The Global Impact of Fake Medicine

Substandard and counterfeit medicines are a global, growing, and increasingly deadly menace. Last year, the Food and Drug Administration reported the deaths of ninety-five Americans from tainted heparin, a blood-thinning medicine believed to have been "intentionally contaminated" in China; this spring, at least eighty-four Nigerian children died after ingesting teething medicine laced with diethylene glycol, a common component of antifreeze.

In addition to posing life-threatening dangers, substandard medicines increase drug resistance, threatening the viability of future treatment for diseases like HIV and malaria; counterfeit drugs also undermine incentives for R&D of new drugs. And while bilateral and international health initiatives spend billions of taxpayer dollars on pharmaceutical drugs for the developing world every year, oversight is minimal, and little direct quality testing is done on the drugs procured.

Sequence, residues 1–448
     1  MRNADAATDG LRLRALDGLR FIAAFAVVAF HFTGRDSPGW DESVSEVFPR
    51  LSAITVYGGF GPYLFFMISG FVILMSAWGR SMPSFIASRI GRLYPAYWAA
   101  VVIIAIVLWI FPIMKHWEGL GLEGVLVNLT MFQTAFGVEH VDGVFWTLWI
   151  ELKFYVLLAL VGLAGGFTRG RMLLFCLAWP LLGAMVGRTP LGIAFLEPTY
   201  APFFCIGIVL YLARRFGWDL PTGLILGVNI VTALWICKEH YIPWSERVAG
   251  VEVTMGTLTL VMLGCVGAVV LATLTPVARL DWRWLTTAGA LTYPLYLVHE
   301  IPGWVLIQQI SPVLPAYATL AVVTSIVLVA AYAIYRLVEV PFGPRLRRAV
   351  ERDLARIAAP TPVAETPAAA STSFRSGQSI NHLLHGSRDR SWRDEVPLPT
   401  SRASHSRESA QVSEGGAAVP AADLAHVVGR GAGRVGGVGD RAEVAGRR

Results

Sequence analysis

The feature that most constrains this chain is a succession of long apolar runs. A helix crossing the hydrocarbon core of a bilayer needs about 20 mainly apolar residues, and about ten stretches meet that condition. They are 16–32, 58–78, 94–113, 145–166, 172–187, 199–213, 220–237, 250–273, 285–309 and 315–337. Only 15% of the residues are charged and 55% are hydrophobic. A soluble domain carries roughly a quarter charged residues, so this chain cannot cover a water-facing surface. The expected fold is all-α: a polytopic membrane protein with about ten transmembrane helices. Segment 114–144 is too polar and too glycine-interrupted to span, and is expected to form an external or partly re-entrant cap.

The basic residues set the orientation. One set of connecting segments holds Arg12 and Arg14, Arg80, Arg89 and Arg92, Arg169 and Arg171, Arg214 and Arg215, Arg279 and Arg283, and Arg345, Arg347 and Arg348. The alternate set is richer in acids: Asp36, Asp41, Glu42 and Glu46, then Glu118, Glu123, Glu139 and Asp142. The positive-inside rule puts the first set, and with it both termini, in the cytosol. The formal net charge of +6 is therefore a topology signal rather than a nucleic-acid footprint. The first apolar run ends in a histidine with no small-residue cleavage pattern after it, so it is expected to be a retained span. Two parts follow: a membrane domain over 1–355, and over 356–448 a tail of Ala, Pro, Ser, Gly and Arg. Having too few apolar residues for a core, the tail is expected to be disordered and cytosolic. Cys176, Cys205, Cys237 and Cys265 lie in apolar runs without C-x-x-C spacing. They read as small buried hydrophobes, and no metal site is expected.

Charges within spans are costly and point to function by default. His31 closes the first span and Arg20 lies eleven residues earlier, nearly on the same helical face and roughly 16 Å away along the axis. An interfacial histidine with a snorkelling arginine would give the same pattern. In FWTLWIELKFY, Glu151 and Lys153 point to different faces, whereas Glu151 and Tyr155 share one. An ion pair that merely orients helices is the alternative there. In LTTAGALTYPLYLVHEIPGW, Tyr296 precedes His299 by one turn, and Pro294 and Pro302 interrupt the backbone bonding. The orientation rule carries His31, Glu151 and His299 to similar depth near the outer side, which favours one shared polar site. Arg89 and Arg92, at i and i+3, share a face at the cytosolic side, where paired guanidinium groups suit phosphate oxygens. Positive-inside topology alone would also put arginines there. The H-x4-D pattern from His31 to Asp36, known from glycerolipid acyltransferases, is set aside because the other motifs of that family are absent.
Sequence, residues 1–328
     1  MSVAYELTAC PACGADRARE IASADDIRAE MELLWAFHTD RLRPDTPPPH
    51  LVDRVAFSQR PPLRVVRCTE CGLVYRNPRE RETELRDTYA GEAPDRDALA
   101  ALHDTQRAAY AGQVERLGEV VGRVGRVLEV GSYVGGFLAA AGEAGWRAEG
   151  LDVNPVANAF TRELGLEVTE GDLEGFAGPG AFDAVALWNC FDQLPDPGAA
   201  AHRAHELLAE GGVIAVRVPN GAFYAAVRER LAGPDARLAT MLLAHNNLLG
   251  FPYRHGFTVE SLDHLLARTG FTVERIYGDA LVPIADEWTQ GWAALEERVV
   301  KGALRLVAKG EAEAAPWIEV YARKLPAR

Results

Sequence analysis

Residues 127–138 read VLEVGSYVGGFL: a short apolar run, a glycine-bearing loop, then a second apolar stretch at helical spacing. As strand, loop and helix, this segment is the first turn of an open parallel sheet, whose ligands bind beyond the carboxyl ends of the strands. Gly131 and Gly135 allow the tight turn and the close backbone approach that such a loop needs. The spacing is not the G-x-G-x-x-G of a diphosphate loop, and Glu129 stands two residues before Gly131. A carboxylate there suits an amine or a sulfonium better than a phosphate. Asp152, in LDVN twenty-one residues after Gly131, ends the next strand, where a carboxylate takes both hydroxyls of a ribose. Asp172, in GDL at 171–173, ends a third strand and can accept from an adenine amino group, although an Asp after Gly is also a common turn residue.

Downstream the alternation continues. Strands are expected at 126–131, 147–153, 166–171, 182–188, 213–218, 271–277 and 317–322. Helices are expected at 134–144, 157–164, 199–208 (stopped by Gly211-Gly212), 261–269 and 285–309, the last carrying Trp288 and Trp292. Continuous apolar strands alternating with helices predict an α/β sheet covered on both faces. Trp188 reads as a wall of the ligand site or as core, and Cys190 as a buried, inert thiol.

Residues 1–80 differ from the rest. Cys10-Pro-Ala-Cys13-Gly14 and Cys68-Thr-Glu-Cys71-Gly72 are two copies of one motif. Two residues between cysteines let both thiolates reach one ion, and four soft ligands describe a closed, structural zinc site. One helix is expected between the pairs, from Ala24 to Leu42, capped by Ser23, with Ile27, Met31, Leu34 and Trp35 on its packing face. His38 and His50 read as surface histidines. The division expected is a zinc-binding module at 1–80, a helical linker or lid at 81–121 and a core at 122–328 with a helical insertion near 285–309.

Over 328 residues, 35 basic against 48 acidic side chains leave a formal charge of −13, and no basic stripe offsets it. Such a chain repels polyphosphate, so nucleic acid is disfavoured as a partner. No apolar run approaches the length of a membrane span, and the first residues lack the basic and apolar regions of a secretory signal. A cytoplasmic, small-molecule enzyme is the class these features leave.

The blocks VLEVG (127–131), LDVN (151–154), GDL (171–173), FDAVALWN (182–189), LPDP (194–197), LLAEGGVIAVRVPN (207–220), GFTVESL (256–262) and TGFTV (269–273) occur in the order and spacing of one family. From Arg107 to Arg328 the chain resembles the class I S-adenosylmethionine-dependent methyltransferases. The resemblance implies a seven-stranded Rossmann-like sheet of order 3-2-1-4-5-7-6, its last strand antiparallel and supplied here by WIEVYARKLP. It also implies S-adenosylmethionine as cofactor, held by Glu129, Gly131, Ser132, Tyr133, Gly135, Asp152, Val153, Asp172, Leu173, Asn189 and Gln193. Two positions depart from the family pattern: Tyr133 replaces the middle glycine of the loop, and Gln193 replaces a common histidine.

What are the best, most cost-effective ways for identifying counterfeit and substandard drugs in the field? How can consumers, regulatory bodies, industry, and international donor agencies work together to combat their deadly impact?

Please join experts from government, industry, and the international donor community for discussions on the extent of the problem, on what the public and private sectors are currently doing to combat it, and on how they can leverage innovative technological and policy solutions in the future. Panelists will include Ilisa Bernstein, director of pharmacy affairs at the FDA; Patrick Ford, senior director of global security for Pfizer; Jeffrey Gren, director of health and consumer goods at the U.S. Department of Commerce; Sonali Korde, a key player in the $1.2 billion President's Malaria Initiative; Scott LaGanga, executive director of the Partnership for Safe Medicines; Patrick Lukulay, director of drug quality and information at U.S. Pharmacopeia, the official NGO responsible for setting quality standards for all medicines manufactured in the United States; Paul Orhii, director general of Nigeria's National Agency for Food and Drug Administration and Control; and Richard Tren, founder and director of the health policy and advocacy group Africa Fighting Malaria. Moderating the two panels will be, respectively, AEI's Roger Bate and Michael Miller, who helped launch permanent FDA offices in China and India.

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